Jet confirms that shoppers are embracing its real-time savings engine
One of the key features that differentiate Jet from other e-commerce retailers is its real-time savings engine that gives customers the power to drop prices while they shop. Through this technology, Jet sought to revolutionize the supply-end of e-commerce logistics by calculating in real-time for customers the most efficient way to fulfill orders, and in the process, change shopper behavior. According to Finnegan, because the Jet experience means that prices drop while you take actions like build a bigger cart, customers are building significantly larger baskets than industry averages. Jet has reached a relatively high average order value of over US$80, which amounts to approximately 6+ units per order. As the average order value is well over the minimum shipping requirement of US$35 per order, these statistics suggest shoppers have, in fact, started embracing Jet’s technology and unique value proposition.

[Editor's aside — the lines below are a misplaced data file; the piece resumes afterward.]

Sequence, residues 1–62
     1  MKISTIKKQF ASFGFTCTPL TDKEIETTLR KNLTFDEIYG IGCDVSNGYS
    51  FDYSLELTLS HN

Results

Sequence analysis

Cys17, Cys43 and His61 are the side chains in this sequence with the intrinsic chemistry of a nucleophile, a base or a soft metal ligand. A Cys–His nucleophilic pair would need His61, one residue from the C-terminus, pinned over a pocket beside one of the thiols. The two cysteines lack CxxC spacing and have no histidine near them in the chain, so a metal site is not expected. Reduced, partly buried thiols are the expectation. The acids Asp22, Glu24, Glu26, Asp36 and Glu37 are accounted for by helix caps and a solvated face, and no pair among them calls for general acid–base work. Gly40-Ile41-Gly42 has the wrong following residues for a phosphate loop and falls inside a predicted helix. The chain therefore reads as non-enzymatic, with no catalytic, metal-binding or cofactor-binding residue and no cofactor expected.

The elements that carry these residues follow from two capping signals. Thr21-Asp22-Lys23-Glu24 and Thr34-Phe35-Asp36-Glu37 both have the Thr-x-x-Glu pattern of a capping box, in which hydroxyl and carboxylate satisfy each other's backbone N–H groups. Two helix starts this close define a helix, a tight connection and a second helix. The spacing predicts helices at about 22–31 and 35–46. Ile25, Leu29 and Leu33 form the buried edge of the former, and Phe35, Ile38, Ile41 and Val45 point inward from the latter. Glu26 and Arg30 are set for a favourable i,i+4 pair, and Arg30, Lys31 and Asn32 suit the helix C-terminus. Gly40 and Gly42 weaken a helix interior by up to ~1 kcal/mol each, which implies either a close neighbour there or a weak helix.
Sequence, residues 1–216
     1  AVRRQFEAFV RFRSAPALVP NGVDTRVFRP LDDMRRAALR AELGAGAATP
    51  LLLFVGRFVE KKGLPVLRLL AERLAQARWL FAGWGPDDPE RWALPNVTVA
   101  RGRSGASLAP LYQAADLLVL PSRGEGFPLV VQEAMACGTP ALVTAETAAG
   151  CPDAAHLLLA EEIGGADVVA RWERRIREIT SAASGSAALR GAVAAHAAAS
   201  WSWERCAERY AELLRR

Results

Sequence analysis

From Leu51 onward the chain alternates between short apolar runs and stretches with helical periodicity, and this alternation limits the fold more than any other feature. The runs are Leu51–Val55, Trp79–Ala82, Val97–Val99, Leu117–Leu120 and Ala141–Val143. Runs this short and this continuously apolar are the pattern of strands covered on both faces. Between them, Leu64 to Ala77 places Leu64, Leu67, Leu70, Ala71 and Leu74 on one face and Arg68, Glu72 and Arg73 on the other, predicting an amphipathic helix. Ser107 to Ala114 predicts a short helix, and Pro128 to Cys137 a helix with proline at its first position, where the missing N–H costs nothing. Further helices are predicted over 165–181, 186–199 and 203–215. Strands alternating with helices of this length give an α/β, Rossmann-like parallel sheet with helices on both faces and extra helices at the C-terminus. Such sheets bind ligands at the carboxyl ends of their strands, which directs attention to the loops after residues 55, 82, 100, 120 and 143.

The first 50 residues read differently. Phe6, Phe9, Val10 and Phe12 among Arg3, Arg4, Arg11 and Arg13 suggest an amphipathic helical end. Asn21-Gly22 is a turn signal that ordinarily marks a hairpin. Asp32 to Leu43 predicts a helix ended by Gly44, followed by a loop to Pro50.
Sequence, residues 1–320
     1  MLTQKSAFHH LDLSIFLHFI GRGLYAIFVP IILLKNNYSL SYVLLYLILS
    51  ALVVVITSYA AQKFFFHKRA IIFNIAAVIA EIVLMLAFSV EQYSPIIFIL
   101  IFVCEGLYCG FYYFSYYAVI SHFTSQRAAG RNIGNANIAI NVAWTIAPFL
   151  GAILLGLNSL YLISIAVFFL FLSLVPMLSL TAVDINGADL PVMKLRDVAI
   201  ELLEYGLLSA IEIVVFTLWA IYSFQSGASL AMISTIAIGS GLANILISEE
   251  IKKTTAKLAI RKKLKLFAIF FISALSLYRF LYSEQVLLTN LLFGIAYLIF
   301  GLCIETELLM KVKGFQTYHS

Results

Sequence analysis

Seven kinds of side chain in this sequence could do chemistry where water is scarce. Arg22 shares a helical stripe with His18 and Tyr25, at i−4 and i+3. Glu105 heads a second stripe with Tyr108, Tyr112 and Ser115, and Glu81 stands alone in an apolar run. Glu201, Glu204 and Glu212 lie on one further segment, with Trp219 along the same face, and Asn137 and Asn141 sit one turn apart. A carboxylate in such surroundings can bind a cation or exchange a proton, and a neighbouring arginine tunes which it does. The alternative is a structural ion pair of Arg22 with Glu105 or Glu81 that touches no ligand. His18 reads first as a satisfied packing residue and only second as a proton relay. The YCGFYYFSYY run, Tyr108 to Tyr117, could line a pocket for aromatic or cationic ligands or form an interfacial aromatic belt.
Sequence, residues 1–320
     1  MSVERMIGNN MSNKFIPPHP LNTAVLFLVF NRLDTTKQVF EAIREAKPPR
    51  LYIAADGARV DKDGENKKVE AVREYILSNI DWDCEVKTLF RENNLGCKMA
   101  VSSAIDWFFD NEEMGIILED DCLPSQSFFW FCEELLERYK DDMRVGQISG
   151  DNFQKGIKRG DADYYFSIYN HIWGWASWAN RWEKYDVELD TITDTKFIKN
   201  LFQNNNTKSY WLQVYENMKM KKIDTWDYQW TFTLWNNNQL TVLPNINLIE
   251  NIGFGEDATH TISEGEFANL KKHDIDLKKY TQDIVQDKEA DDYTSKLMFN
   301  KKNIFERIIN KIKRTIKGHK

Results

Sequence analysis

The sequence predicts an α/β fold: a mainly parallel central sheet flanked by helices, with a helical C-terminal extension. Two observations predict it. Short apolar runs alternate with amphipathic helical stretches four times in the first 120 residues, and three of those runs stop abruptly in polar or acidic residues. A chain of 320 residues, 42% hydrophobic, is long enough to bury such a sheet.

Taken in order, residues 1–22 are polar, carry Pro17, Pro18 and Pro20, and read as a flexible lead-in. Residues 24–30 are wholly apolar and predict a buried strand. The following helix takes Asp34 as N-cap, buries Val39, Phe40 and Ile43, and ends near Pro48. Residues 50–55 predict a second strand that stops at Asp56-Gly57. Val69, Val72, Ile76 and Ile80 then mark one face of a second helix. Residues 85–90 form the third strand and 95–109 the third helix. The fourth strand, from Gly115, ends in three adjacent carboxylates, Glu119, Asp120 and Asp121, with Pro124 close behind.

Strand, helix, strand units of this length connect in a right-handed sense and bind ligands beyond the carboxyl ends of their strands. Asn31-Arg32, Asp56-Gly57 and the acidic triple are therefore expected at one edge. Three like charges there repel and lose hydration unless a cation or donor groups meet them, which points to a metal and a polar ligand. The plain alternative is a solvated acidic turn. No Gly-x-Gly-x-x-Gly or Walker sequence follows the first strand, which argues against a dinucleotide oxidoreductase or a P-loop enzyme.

Jet.com continues to hone logistics
“The biggest thing that we are excited about is how we got the logistics up and running,” said Finnegan. Jet has doubled its one-day delivery (of its own first-party products) penetration rate from 25% to 50% of US households since launch and is approaching 99% of US households for two-day delivery, all via ground service. Currently in high-density regions such as New York City, Jet often delivers first-party products the same day. Because of its logistics structure and the scale it has reached, these fast delivery speeds do not cost the company nor the shoppers anything extra.